Angie Hicks no longer owns Angie’s List, but her story warms hearts. Her story is that she was “inspired by the frustrations her co-founder had trying to find reliable contractors in suburban Columbus,” and thereafter went door to door in that Ohio town signing up subscribers for a listing service where members could share their experiences — typically in the form of reviews — about contractors and other businesses they had used. That was in 1995.
Today Angie’s List has more than a million members in more than 170 local markets. Members post an average of 40,000 reviews each month. Angie is featured in advertising on TV, inviting homeowners to join the organization. Cost to homeowners varies by market but averages about $29 per year. Prominent among her claims is that “companies don’t pay to be on Angie’s List.”
Getting on vs. Being Seen
Technically, that’s true. Contractors don’t pay to belong. They do, however, pay to advertise. And being on Angie’s List, if you’re a contractor, and being seen on Angie’s List, are two different things. This is where the money comes in.How is it that home improvement companies spend $20,000, $30,000, or $40,000 on Angie’s List if the list is, as implied, a completely unbought and therefore unbiased online community of homeowners? Well, that’s why Angie is on TV. The more subscribers Angie has, the more the company can charge service providers for its services.
What’s in It for You
What you, the contractor, pay for — I write this as someone who once purchased advertising with Angie’s List on behalf of a home improvement company — is access to that list, more specifically the ability to pitch offers to Angie members. One of these specials is called The Big Deal. Our company’s Big Deal was for an average size roof of 20 squares, for $8,888. Homeowners had to buy online and Angie took 10%.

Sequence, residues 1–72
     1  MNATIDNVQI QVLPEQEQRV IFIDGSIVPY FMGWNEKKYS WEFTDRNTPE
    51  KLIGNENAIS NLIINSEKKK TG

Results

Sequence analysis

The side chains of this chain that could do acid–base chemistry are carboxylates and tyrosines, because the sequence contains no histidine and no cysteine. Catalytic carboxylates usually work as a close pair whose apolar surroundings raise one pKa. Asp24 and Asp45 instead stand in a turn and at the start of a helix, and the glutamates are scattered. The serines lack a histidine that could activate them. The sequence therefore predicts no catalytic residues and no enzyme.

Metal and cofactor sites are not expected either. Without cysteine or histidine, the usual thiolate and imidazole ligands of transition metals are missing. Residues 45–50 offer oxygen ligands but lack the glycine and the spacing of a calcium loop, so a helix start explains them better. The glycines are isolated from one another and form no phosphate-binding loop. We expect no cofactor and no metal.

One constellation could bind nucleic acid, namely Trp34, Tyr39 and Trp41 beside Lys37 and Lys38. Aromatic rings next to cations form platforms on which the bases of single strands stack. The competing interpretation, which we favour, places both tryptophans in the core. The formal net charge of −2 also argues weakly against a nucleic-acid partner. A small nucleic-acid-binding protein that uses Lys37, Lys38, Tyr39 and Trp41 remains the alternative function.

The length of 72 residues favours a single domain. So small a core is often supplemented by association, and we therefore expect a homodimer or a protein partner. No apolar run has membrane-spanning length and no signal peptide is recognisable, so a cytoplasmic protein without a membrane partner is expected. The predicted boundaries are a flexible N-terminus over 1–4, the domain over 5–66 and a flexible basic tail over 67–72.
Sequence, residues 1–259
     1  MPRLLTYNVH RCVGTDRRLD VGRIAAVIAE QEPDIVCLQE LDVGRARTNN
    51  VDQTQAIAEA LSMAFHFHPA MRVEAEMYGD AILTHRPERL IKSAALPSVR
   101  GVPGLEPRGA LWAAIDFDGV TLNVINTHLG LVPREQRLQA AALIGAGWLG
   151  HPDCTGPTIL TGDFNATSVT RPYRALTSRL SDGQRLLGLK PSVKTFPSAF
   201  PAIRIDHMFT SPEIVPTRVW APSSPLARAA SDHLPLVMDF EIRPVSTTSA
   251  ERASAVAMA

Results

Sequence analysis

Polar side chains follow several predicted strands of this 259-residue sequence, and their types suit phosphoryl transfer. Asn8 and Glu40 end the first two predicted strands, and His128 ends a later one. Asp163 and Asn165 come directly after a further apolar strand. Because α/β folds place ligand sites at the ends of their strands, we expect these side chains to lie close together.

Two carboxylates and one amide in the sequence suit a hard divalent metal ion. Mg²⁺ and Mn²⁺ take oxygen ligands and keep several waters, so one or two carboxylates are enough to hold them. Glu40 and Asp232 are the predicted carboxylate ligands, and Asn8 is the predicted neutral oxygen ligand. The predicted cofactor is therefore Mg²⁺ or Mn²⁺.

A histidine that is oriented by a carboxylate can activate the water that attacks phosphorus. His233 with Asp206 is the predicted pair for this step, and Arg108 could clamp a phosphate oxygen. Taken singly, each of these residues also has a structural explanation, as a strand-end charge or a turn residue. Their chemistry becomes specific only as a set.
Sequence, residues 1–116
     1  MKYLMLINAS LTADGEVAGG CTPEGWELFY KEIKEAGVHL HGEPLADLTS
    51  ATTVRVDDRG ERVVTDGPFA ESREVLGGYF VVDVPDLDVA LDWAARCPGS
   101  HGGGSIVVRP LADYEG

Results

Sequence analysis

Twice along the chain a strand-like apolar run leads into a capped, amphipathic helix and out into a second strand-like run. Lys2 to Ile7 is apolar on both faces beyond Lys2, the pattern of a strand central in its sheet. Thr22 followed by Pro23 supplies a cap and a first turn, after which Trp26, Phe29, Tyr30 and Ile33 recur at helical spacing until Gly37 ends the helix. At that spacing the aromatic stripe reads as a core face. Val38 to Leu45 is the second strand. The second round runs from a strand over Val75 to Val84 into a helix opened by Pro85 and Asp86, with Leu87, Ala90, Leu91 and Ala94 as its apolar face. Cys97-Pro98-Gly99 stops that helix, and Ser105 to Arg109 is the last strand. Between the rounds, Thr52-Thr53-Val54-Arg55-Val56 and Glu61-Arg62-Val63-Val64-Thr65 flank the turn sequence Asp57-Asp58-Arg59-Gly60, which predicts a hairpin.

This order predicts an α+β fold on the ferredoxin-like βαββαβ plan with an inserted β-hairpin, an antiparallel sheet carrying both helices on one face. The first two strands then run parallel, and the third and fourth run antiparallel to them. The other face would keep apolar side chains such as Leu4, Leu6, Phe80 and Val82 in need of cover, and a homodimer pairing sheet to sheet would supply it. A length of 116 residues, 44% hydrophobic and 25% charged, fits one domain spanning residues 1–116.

I was skeptical: Who’s going to whip out a credit card and buy a roof online?
The reality: We sold 27 roofs in a week and could hardly keep up. We were high-fiving down the hallway. Priced right, it was profitable work.
The average actual price of those jobs was around $12,000 due to larger roofs and add-ons.
But it came back to bite us. An offer, to be effective, has a beginning and an end. This offer was scheduled to last two weeks. But after the offer expired it went on living on Angie’s List for months and months, despite my efforts to remove it. Three months after the promotion, I had a salesperson on the phone calling from a house saying that the homeowner was demanding that we honor the online price. I said: “Tell him to print it out. I want to see it.” The homeowner made the print-out and we honored it. But then I started getting calls from other homeowners who had bought a job at full price. They’d say, “Hey, I signed a contract with you last week, but can I get this [promotional] price?”
Trying to work this situation out with Angie’s List on the phone, I encountered layers and layers of management but no-one capable of resolving the situation. And when an Angie’s List representative contacted my company to renew our advertising — the opportunity to extend these offers to the Angie membership — the price had risen from $9,000 in 2011 to $30,000 in 2012 because, I was told, “our footprint is enlarging.” Everything being negotiable, we settled on $12,000.
Who Is the Customer?
Angie’s leads were gold — very high conversion rate — and we were able to negotiate that ad rate down. But dealing with Angie’s was a nightmare.
Let me quote Angie back to herself: “Sharing experiences is the heart of who we are.” So let’s not pretend here. Less than 35% of the revenue for Angie’s List comes from homeowner subscriptions. A small group of Angie-approved service providers — about 10% of those eligible to advertise to Angie’s List — generate the rest.
Who is Angie’s actual customer? Is it the homeowners on the list, or is it the service providers who are sold access to that list? Angie’s List is a lead-generation business. And it will be interesting to see what happens when the public figures that out. —Sales veteran and trainer Mike Damora has been the sales manager at several large home improvement companies. He is a regular columnist for REPLACEMENT CONTRACTOR, a sister publication to REMODELING. Reach him at firstname.lastname@example.org.
Stay tuned for REMODELING’s April 2013 cover story, which takes a look at online review sites and how they help or hinder remodelers in building their business and managing their reputation.
Angie’s Talk: REMODELING blogger Paul Winans looks for leadership lessons in this Angie Hicks interview
Turning Tables: Website Lets Remodelers Rate Their Clients